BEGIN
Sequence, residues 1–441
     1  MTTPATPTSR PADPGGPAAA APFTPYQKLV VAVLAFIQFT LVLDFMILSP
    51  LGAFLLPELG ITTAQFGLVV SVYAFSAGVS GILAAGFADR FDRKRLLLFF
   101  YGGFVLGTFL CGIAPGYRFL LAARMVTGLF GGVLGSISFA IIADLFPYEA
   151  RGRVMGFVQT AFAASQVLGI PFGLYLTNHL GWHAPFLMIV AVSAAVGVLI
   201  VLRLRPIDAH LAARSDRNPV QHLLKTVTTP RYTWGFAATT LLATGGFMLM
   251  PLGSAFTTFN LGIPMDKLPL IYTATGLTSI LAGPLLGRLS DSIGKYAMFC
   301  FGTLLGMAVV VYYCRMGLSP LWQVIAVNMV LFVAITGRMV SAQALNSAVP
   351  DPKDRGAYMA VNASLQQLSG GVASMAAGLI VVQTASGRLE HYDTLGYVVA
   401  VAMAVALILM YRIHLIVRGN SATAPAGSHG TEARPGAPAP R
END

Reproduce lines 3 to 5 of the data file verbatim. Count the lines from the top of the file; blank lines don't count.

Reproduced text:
    51  LGAFLLPELG ITTAQFGLVV SVYAFSAGVS GILAAGFADR FDRKRLLLFF
   101  YGGFVLGTFL CGIAPGYRFL LAARMVTGLF GGVLGSISFA IIADLFPYEA
   151  RGRVMGFVQT AFAASQVLGI PFGLYLTNHL GWHAPFLMIV AVSAAVGVLI